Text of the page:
Research by faculty affiliated with the laboratory concerns philosophical and foundational issues that arise in cognitive science. For example, research by Lab Coordinator Pete Mandik concerns philosophical theories of mental representation and tackles these issues through computer simulations of evolving populations of virtual autonomous agents. For further information on this and related lines of research, visit the web page for The Philosophical Animat Research Group. Mandik also works in the growing fields of Neurophilosophy and the Philosophy of Neuroscience, concentrating on philosophical questions concerning the neurophysiological bases of consciousness, representational content, and their relation. See the "Publications" link to learn more about research completed to date. See also the "People" link to find out more about affiliated faculty and their research interests.
In 2000, Prof. Pete Mandik received a grant from the McDonnell Project in Philosophy and the Neurosciences for his project Objective and Subjective Neural Representation.
Students have ample opportunities to conduct cognitive scientific research using the laboratories equipment and facilities. Students pursue both their own research projects and assist faculty research. One focus of student participation is through The Cognitive Science Student Research Group, an extracurricular group for students interested in all and any aspects of cognitive science. Additional student research involves curricular integration with lab activities and several Cognitive Science related classes. For more information, see Course Related Activities.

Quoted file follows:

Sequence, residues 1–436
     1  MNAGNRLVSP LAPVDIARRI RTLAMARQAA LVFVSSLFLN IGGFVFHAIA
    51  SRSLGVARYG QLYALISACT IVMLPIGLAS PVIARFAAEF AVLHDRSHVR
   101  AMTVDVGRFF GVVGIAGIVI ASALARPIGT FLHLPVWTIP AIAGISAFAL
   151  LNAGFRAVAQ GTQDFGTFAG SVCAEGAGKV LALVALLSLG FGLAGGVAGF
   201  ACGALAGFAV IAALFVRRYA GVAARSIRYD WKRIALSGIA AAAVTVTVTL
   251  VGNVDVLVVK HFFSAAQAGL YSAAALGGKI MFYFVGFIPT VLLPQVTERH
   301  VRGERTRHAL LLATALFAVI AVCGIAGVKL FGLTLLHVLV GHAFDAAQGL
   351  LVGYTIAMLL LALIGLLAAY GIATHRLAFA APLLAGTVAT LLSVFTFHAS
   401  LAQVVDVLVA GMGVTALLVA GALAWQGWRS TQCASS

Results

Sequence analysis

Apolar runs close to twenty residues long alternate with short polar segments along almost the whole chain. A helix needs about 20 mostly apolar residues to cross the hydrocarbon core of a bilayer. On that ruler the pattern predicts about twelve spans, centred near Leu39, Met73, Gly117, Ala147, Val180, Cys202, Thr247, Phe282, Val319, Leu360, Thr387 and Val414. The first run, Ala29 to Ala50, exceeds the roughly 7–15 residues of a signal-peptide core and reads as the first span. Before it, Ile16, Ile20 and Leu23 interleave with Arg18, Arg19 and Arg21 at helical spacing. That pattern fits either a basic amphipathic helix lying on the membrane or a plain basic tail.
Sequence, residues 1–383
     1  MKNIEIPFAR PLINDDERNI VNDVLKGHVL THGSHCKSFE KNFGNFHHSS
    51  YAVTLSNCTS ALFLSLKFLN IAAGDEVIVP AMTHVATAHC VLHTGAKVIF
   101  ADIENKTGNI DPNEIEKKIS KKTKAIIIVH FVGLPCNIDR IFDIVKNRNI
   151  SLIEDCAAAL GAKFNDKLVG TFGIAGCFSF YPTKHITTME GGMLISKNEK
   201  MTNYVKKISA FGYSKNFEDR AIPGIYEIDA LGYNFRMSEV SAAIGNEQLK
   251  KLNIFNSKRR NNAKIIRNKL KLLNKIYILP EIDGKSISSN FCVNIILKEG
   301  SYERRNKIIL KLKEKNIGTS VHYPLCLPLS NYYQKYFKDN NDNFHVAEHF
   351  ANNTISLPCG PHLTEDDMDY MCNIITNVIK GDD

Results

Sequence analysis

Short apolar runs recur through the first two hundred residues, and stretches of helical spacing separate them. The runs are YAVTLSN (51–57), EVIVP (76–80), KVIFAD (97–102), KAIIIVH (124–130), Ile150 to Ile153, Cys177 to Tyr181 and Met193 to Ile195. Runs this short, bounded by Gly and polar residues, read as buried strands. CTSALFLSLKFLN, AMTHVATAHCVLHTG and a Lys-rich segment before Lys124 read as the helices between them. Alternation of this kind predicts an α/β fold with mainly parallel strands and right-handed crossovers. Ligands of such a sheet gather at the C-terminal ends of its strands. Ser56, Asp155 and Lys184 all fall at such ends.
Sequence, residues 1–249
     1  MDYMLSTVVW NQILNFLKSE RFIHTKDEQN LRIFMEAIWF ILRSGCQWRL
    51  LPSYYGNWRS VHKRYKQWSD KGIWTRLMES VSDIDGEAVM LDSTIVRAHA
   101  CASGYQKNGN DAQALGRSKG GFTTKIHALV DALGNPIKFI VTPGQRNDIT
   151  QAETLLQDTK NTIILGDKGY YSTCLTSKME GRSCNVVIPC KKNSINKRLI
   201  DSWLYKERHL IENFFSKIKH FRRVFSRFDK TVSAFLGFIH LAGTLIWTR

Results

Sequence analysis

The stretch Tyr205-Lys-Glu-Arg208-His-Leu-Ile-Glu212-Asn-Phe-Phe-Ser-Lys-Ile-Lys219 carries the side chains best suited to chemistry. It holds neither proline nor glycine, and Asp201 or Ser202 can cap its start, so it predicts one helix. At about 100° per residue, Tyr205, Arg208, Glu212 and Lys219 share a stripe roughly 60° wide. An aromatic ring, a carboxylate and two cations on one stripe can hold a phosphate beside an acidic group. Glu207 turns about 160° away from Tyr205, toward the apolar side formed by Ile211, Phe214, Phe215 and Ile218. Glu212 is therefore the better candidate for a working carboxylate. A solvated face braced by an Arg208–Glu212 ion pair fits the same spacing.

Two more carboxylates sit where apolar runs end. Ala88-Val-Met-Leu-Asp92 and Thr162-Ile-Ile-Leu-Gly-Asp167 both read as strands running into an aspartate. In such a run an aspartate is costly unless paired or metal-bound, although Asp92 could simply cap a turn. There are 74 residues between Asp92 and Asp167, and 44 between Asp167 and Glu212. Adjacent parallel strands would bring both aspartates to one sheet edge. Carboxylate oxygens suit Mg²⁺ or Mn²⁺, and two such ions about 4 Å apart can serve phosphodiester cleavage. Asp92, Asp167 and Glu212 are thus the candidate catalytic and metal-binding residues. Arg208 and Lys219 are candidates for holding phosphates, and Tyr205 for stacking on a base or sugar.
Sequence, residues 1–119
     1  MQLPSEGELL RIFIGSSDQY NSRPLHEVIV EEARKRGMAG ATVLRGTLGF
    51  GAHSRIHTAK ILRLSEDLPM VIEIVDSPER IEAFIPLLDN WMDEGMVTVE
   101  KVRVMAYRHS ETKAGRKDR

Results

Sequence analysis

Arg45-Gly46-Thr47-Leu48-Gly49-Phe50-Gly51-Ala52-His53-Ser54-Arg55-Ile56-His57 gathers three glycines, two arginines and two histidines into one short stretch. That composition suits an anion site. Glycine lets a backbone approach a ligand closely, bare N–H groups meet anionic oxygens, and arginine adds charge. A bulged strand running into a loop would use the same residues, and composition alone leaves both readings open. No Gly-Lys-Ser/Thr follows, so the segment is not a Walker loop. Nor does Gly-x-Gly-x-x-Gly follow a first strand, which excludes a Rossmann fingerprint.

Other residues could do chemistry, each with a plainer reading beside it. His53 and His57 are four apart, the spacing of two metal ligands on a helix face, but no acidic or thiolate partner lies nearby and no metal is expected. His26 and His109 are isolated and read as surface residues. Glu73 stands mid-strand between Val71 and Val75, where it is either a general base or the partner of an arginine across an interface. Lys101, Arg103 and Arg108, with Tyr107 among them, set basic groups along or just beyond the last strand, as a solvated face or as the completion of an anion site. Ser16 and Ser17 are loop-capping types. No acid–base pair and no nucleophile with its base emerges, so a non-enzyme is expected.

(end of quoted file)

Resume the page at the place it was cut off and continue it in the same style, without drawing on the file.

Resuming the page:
- Robot Construction Kits
- Lego Mindstorms (Robotics Invention System kits and Vision Command Module For robotic sight)
- Solorbotics Photovore (solar powered light eating robot)
- Stiquito Hexapod with Nickle-Titanium "Memory Alloy" actuators
- PC and Macintosh Computers
- Artificial Intelligence and Artificial Life Software
- Framsticks (See our page describing our work with Framsticks)
- Walk-in Sensory Depravation Chamber
- Physiological Monitoring and Stimulus Display BIOPAC analog-to-digital converters, with sensors for the following physiological parameters: EEG, EVR, EOG, ECG, SCL, SCR, among others...
- Touch-Screen computer monitor
- Video cameras
- Computer-interfaced "Dream Mask" sensory deprivation/light-stimulators with sleeping, cue and eye movement adjustment modes